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Eminem, eh, relapses on 'Recovery'

Welcome to the new Eminem - slightly more honest, a bit more mature and a whole lot more desperate-sounding.

"Recovery" (Aftermath) finds Em trying to regain footing after the artistic stumble of his "Relapse" album, which he admits in a new single "Not Afraid" was subpar. "To the fans, I'll never let you down again, I'm back," he raps. "I promise to never go back on that promise, in fact, let's be honest, that last 'Relapse' CD was 'eh.' "

Being honest, though, much of "Recovery" is "eh," too. For long stretches, Eminem sounds like a slugger in the midst of a slump, looking to try anything to recapture a bit of his old magic. He trots out some anti-woman talk, some passing anti-gay rhetoric and some fake beefing with imaginary rivals - but, unfortunately (fortunately?), his heart doesn't sound in it. And often, like on "Relapse," his reference points sound horribly dated - from rhymes about Mike Myers and Verne Troyer (the last "Austin Powers" movie was in 2002) to a song called "Cinderella Man" (from the 2005 Russell Crowe movie?) to "No Love" with Lil Wayne (which unfortunately samples Haddaway's 1993 dance hit "What Is Love?"). Perhaps more unsettling is his flow, which sounds far more whiny and desperate than it used to when he's tackling a particularly fast or complex passage.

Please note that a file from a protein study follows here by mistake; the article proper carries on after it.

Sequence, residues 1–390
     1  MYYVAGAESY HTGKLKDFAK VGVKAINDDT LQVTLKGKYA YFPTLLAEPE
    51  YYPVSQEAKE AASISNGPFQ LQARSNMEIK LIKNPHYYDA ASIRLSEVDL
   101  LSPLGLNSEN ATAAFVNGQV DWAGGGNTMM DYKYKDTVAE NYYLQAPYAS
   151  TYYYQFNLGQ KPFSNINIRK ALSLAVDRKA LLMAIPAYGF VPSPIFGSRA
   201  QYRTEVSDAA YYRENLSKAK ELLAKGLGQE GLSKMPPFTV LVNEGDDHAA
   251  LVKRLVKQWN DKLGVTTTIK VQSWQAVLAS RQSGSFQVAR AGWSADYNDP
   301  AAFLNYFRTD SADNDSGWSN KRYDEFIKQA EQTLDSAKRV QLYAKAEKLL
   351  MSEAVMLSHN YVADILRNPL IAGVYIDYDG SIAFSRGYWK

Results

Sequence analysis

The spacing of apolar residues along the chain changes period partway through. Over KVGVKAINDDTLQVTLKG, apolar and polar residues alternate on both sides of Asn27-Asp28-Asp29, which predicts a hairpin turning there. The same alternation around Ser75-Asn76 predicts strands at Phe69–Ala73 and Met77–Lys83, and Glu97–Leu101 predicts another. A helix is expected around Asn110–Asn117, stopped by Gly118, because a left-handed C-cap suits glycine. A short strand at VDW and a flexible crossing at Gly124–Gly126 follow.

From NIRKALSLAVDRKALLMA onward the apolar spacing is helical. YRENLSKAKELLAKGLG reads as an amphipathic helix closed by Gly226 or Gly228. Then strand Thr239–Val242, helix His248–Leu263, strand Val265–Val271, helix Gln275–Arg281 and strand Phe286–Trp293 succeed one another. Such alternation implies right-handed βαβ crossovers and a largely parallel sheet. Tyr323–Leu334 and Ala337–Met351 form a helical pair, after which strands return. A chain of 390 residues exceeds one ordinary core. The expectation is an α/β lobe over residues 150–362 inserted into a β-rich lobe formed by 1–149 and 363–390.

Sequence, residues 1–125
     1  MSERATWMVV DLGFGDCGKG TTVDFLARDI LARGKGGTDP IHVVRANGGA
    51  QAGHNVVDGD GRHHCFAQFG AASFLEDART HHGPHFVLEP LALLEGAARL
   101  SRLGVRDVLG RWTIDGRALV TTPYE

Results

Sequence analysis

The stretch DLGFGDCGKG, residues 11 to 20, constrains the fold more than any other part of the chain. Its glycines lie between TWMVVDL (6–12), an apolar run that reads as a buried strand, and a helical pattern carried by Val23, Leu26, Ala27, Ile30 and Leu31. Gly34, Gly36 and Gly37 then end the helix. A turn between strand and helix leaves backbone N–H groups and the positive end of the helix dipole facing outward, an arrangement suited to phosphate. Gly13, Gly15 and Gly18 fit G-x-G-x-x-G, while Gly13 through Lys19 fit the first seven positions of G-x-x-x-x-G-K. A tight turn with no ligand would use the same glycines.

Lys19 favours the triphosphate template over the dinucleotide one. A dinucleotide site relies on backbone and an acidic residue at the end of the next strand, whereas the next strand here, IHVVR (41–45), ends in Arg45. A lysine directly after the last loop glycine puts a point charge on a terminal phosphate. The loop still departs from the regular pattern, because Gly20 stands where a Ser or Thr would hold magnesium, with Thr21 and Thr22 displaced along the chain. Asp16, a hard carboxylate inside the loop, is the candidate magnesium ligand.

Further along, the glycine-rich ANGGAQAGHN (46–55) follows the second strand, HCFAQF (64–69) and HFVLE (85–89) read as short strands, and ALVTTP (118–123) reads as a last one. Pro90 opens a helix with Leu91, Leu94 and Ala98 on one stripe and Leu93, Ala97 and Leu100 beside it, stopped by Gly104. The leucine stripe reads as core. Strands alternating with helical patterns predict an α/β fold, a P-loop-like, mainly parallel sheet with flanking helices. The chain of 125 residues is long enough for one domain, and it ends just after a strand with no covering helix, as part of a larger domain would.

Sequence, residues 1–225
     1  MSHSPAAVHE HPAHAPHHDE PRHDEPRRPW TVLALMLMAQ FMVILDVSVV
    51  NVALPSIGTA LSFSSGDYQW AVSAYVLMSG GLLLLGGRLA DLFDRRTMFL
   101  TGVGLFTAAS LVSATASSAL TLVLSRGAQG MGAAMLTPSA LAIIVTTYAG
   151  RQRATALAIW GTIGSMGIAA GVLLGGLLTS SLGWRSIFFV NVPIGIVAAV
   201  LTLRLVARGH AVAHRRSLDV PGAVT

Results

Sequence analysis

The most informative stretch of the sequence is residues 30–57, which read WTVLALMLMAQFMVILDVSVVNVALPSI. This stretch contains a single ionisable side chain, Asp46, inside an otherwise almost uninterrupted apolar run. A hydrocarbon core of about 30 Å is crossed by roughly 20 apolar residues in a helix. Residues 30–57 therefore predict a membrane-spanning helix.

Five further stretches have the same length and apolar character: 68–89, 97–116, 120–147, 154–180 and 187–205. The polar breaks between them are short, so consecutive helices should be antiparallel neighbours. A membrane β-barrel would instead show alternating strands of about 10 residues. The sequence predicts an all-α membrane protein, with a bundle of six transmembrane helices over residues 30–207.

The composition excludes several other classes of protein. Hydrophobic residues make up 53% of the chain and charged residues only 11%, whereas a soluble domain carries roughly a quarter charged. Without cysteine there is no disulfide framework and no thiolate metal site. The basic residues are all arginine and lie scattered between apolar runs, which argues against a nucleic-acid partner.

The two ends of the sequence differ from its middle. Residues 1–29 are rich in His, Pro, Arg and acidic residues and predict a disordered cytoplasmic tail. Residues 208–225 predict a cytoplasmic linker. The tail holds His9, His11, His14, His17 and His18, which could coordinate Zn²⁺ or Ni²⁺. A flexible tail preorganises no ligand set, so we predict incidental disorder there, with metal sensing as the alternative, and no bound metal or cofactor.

Nevertheless, there are glimmers of hope. "Love the Way You Lie" is a surefire hit, featuring Rihanna singing the emotional hook and Em rhyming his way through the twists of a turbulent relationship, while "You're Never Over" combines the feel of T.I.'s "Live Your Life" with the inspiration of "Lose Yourself."

Strip away all the excess on "Recovery," and there is a kernel of what made Eminem special to begin with, what made him the most successful artist of The Aughts. Only time will tell whether he nurtures that or smothers it in repackaged bluster.

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